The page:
If the band has been allowed to become heavily coated in carbon it may first be necessary to repeatedly coat the band with a proprietary band release agent to soften the carbon. In this case the cloth covered bar can be used but without use of flour. If using this method be prepared for a significant amount black oily mess and ensure adequate method of dealing with it is in place. Also take great care to ensure the release agent does not come in contact with the underside of the band. Change the cloth or felt with clean as and when necessary and band should revert back to a good seasoned surface for baking.
To maintain cleanliness of a bake oven belts is sometimes difficult.
My experience is mainly based on solid and perforated carbon steel belts and we have seen a lot of different problems and solutions. Sometimes well working procedures. Sometimes not so well working...
Firstly, metal brushes and/or scrapers can work well if some considerations are taken. You have to use a steel grade similar or less hard than the actual belt grade holds. The brush needs to be connected to the belt drive. Rotation should be with belt direction. On perforated belts the brush should not be externally driven. Most important: Frequent inspection of belt surface is needed in order to at earliest possible stage recognize any wear of belt surface, top or bottom.
Excessive fat or product spill should be cleaned off before entering oven again, to avoid it burning to belt surface.
Some bakeries are able to keep belts clean without any carbon build-up over time. One way is to use bees-wax, after cleaning before first use, and polish up an "easy release" surface.
Heavier cleaning issues
When a belt already have gradually built up a carbon residue that needs to be cleaned off you'll need a heavier artillery. But how also depends on what you have burnt into your belt.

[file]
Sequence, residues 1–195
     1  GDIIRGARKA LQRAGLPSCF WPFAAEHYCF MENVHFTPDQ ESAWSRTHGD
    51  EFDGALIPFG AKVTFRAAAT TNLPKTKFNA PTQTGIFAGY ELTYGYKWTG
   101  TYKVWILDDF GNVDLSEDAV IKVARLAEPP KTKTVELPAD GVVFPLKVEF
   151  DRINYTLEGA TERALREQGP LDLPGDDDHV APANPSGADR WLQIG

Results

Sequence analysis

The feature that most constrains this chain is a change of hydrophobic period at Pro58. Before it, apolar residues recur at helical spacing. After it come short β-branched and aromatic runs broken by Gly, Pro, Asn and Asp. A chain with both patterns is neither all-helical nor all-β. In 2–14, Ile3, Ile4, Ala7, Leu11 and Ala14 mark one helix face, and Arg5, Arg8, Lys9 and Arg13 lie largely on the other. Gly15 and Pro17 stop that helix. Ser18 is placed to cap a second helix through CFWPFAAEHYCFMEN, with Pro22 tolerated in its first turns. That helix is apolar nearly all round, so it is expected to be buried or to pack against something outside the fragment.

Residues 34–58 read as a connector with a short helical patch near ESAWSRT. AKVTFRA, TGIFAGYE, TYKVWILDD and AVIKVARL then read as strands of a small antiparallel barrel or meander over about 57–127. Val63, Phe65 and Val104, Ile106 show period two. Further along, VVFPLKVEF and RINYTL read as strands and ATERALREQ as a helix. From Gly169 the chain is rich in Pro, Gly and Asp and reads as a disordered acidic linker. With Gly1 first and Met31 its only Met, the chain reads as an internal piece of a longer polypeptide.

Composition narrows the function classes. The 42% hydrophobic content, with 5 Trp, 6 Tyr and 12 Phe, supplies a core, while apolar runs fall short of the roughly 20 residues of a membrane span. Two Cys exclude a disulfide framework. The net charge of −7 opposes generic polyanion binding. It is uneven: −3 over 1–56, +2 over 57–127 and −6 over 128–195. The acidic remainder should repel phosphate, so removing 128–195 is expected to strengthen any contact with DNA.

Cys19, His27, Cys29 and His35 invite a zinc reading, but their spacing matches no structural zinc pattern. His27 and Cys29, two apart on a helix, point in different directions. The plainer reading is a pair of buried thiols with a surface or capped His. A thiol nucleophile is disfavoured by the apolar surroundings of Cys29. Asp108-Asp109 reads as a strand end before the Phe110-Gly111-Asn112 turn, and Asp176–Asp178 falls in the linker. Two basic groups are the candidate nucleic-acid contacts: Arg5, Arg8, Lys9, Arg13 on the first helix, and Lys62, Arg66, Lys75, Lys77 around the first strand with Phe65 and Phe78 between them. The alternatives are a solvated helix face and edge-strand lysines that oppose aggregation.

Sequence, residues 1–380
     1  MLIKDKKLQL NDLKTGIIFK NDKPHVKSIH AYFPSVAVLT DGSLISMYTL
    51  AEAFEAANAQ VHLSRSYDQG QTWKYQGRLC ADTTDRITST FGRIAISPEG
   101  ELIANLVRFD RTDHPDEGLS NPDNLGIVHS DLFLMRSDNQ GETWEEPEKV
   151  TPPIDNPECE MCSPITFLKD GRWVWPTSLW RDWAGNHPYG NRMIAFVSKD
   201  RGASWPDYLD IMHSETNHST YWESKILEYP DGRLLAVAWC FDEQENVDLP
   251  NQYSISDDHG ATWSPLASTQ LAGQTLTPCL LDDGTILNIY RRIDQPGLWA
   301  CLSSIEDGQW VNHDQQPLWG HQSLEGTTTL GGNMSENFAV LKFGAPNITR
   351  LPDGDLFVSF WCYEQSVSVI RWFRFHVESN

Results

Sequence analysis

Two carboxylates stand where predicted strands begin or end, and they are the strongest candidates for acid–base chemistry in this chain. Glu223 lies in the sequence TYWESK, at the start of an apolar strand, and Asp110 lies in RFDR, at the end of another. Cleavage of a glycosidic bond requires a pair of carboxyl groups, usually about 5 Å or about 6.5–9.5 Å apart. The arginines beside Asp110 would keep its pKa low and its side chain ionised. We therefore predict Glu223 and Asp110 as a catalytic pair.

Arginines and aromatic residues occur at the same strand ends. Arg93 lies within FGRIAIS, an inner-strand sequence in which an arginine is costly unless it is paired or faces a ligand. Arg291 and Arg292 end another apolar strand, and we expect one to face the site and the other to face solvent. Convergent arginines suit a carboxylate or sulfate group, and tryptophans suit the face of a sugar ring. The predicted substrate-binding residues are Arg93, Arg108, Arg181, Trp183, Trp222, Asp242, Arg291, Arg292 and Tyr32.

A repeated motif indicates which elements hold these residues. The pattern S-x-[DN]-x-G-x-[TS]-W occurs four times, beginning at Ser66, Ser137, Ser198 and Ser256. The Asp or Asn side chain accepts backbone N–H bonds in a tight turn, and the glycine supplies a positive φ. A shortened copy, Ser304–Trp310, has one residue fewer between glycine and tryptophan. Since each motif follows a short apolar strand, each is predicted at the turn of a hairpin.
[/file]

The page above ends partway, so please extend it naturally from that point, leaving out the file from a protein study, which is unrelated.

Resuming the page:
For some people high pressure water and detergent is the solution. Even though it dirty and can lead to corrosion if not dried immediately.
To use a corn starch and caustic soda mixture and "bake" it on the belt is an old and well proven method used since many year. Also this is dirty and time consuming but doable.
Dry-Ice cleaning (blasting) is a method that some bakeries prefer to use. Where dry-ice and other ingredients are available this might work well.
Cleaning belts and reducing acrylamide content(According to Regulation EU2017/1258, it's a legal responsibility to reduce levels of this carcinogenic by-product)
There is as well a rather new way of cleaning belts. A combined mechanical and chemical technology where salt is used. During the process a mixture of sodium phosphate and sodium bicarbonate during hard pressure is blasted on belt surface. The method works both with mechanical and chemical impact to get rid of the carbon residue. Tests by Italian research laboratory "CRABion" has proven that this method almost totally removes acrylamide on the bake oven belt. Both solid, perforated and mesh belts can be cleaned with this method.
So the best way is: As always there is no straight forward answer, unfortunately.
It all depends on your specific needs. I'd start easy with food grade oil and rugs on warm belt, sometimes schotch-brite. If this is not enough work my way through the methods above and finally take a decision if it is a better choice buying a new belt or not...
pls review that page
I might be a bit late with my comments on your topic......
I published an article about belt cleaning already on this website.
But to sum up:
1. recheck the type of belt you are using. There might be the possibility to use another belt type which allows better cleaning.
2. Then you should look for a good brush system (and I know from my experience that brushes can be made in many different ways). BTW - it should be metal wire brushes. Think of using the brushes permanently (yes - there are brushes allowing this)
3. The brush is a "dirt swiper" but you might also need a "dirt breaker". There is a system called CLEANBELT available, which is doing this job and is getting more and more popular.
4. In addition to this think of regular cleaning shifts, at the beginning of which you should carbonize the dirt.
As I said, all this is already a bit explained and highlighted in my article. But please feel free to contact me also, if you want.
BTW - the website www.bakingovenbelts.com, which was given to you as a reference is the website of our company Steinhaus GmbH